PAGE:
By Matthew Guariglia
August 8, 2019
Doors across the United States are now fitted with Amazon’s Ring, a combination doorbell-security camera that records and transmits video straight to users’ phones, to Amazon’s cloud—and often to the local police department. By sending photos and alerts every time the camera detects motion or someone rings the doorbell, the app can create an illusion of a household under siege. It turns what seems like a perfectly safe neighborhood into a source of anxiety and fear. This raises the question: do you really need Ring, or have Amazon and the police misled you into thinking that you do?
Recent reports show that Ring has partnered with police departments across the country to hawk this new surveillance system—going so far as to draft press statements and social media posts for police to promote Ring cameras. This creates a vicious cycle in which police promote the adoption of Ring, Ring terrifies people into thinking their homes are in danger, and then Amazon sells more cameras.
How Ring Surveils and Frightens Residents
Even though government statistics show that crime in the United States has been steadily decreasing for decades, people’s perception of crime and danger in their communities often conflict with the data. Vendors prey on these fears by creating products that inflame our greatest anxieties about crime.
Ring works by sending notifications to a person’s phone every time the doorbell rings or motion near the door is detected. With every update, Ring turns the delivery person or census-taker innocently standing on at the door into a potential criminal.
Neighborhood watch apps only increase the paranoia. Amazon promotes its free Neighbors app to accompany Ring. Other vendors sell competing apps such as Nextdoor and Citizen. All are marketed as localized social networks where people in a neighborhood can discuss local issues or share concerns. But all too often, they facilitate reporting of so-called “suspicious” behavior that really amounts to racial profiling. Take, for example, the story of an African-American real estate agent who was stopped by police because neighbors thought it was “suspicious” for him to ring a doorbell.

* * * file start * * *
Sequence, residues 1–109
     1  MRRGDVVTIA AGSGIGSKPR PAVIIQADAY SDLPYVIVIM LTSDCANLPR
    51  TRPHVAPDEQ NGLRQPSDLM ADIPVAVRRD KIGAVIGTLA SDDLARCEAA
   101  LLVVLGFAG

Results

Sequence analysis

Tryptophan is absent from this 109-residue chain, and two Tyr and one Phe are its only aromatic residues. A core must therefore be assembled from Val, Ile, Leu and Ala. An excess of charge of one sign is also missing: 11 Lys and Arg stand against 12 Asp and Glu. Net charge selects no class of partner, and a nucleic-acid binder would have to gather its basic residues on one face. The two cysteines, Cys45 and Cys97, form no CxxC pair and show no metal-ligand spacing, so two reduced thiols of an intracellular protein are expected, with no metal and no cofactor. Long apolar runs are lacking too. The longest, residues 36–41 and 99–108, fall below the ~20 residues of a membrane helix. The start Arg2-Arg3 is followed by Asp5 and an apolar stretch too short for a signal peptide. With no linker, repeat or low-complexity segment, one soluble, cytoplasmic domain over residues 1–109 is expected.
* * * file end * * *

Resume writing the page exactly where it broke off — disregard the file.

Even law enforcement are noticing the social consequences of public-safety-by-push-notification. At the International Associations of Chiefs of Police conference earlier this year, which EFF attended, Chandler Police Assistant Chief Jason Zdilla said that his city in Arizona embraced the Ring program, registering thousands of new Ring cameras per month. Though Chandler is experiencing a historic low for violent crime for the fourth year in a row, Ring is giving the public another impression.
“What happens is when someone opens up the social media, and every day they see maybe a potential criminal act, or every day they see a suspicious person, they start believing that this is prevalent, and that crime is really high,” Zdilla said.
If getting an alert from your front door or your neighbor every time a stranger walks down the street doesn’t cause enough paranoia, Ring is trying to alert users to local 911 calls. The Ring-police partnerships would allow the company to tap into the computer-aided dispatch system, and alert users to local 911 calls as part of the “crime news” alerts on its app, Neighbors. Such push alerts based on 911 calls could be used to instill fear and sell additional Ring services.
From Neutral Guardians to Scripted Hawkers
Thanks to in-depth reporting from Motherboard, Gizmodo, CNET, and others, we know a lot about the symbiotic relationship between Amazon’s Ring and local police departments, and how that relationship jeopardizes privacy and circumvents regulation.
Police that partner with Ring reportedly have access to Ring’s “Law Enforcement Neighborhood Portal,” which allows police to see a map of the locations of Ring cameras. Police may then ask owners for access to their footage—and when owners give permission, police do not need to acquire a warrant.
The arrangement is also financial. Amazon encourages police to encourage residents to install the Ring app and purchase cameras for their homes. Per Motherboard, for every town resident that downloads Ring’s Neighbors app, the local police department gets credits toward buying cameras it can distribute to residents. This arrangement makes salespeople out of what should be impartial and trusted protectors of our civic society.